There is a definite tendency towards labelling native species as "good", and non-native species as "bad", not only amongst ecologists but the conservation community at large.
But what is a "native" species? The English are rather fond of their English oaks, but the oaks which thrive in England today have only been there for the blink of an eye in geological terms. In fact, these "English" oaks have spent 99% of the last two and a half million years in Iberia.
So what does native mean? Is it
(a) where the species first evolved?
(b) the place you first think of when you hear its name?
(c) where they retain their greatest diversity today, or
(d) the place where they can best survive without human assistance?
In truth, all of these definitions have some merit. So why do so many people have such strong opinions on non-native, invasive species?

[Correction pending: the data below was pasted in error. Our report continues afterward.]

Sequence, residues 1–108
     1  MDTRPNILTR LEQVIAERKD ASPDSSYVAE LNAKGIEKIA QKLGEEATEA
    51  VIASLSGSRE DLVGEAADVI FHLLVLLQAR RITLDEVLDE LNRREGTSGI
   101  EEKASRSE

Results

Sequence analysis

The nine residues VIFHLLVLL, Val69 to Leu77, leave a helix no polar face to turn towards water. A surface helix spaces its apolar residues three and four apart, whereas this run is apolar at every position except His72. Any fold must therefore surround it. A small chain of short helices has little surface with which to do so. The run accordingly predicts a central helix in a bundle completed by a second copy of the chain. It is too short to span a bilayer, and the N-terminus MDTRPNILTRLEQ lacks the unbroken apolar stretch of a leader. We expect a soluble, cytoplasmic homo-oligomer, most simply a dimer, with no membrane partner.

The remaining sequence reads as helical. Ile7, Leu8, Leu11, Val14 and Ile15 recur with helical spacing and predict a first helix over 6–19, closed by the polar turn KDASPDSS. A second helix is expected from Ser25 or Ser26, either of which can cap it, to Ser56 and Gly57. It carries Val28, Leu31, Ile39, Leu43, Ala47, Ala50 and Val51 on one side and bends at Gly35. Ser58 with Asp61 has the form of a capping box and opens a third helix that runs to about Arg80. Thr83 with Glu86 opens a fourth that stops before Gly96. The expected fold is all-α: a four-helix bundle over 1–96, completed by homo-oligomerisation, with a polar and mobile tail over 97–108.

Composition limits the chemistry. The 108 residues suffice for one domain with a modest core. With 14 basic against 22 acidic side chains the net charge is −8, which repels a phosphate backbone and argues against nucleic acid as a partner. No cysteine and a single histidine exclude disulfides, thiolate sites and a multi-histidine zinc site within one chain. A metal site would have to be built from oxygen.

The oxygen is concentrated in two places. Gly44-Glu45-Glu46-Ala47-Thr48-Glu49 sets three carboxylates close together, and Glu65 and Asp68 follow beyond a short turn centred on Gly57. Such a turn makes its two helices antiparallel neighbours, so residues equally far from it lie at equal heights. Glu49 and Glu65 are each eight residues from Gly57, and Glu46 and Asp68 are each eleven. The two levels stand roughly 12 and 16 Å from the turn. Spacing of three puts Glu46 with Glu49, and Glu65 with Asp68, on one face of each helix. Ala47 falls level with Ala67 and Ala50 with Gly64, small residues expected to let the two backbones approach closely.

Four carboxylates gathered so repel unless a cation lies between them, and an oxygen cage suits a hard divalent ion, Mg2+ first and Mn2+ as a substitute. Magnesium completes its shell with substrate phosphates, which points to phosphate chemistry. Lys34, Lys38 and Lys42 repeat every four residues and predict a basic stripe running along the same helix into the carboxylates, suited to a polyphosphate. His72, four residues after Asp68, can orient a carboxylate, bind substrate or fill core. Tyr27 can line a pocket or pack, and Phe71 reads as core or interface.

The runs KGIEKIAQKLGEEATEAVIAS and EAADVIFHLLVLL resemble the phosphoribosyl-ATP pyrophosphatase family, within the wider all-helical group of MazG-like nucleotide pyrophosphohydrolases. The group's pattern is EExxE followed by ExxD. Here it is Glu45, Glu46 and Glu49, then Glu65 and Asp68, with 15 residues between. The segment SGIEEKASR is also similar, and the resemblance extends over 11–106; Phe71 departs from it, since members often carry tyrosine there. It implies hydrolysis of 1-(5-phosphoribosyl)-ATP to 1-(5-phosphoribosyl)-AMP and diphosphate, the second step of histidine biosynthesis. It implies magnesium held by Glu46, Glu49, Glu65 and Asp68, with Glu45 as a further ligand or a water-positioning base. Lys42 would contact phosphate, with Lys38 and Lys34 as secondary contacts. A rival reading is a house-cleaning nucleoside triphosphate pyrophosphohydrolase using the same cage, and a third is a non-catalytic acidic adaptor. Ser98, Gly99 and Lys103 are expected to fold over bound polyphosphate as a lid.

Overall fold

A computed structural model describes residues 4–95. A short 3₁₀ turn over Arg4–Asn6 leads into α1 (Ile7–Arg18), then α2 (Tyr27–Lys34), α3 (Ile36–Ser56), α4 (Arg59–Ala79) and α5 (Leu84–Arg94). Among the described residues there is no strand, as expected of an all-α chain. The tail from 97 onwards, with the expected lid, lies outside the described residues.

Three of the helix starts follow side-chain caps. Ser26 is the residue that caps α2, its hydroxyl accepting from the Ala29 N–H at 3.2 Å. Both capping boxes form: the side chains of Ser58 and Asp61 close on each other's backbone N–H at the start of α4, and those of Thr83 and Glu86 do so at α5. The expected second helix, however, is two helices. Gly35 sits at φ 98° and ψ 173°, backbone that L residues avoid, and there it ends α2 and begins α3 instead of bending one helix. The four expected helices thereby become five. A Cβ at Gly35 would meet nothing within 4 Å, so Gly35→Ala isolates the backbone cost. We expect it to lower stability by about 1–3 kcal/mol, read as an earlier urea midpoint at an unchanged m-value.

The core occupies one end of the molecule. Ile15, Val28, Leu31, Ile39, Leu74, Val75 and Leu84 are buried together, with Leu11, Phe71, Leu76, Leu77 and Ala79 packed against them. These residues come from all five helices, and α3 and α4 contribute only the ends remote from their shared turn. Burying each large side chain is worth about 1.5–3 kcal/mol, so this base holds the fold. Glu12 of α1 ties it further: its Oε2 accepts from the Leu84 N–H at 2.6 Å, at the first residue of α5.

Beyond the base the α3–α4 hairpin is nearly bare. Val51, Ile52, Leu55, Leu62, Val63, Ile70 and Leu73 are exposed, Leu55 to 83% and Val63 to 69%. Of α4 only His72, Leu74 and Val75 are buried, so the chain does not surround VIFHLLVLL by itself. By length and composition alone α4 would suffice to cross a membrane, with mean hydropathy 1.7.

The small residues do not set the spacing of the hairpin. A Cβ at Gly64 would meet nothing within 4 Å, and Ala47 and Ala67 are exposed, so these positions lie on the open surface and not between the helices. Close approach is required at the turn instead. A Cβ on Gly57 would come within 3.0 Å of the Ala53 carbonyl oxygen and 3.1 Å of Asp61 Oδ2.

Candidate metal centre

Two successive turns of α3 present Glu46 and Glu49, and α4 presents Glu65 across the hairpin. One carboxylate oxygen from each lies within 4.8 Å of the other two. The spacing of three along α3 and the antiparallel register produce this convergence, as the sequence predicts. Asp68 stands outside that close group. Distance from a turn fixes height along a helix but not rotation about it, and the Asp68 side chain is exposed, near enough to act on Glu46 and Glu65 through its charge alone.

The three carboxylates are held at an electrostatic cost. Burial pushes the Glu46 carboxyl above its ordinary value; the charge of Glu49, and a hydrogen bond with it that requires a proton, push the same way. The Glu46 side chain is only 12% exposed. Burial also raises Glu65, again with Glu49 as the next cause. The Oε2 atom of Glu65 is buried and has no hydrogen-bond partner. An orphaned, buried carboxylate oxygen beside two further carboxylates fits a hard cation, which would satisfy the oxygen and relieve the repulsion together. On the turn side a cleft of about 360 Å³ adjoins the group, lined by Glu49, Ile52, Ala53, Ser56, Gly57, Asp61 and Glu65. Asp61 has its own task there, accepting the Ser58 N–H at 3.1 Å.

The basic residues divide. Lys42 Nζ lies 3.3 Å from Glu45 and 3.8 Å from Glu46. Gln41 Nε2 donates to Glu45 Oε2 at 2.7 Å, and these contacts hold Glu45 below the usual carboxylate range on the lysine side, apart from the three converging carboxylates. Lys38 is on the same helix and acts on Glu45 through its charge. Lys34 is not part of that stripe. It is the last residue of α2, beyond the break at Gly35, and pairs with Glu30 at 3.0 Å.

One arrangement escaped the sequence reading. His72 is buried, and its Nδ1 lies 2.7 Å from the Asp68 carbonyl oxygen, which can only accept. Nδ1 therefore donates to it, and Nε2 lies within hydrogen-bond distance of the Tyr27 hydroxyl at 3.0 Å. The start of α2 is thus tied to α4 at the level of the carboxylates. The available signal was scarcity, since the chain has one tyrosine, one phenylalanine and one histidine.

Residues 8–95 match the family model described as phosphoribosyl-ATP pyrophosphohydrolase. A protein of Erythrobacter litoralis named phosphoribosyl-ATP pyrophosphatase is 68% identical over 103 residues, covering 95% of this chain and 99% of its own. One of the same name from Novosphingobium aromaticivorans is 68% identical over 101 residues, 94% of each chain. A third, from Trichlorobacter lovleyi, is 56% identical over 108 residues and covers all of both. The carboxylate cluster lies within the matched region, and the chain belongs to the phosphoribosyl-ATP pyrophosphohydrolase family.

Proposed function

The dingo was introduced to Australia around 5000 years ago. It flourished, and in becoming the top predator in the country, drove the thylacine (or Tasmanian tiger) to extinction*. Thus, not only is the dingo a non-native species introduced by man, but it had an adverse affect on established, native species.
After 5000 years, and being well adapted to their surroundings, does the dingo qualify as a native species? If so, at what point did it become so?
Of course, there are many examples of non-native species wreaking havoc on eco-systems - Gough Island, for one - but for every Gough Island there is an Ascension Island which has a tropical forest consisting almost entirely of alien species.
It seems incredible that the difference of a few years (in the scheme of thousands of years) could be the difference between a government spending millions on preserving the species or spending millions on eradicating it.
For a handy reference guide to Scottish Wildflowers (that's flowers found in Scotland regardless of where they came from), visit www.scottishwildflowers.org.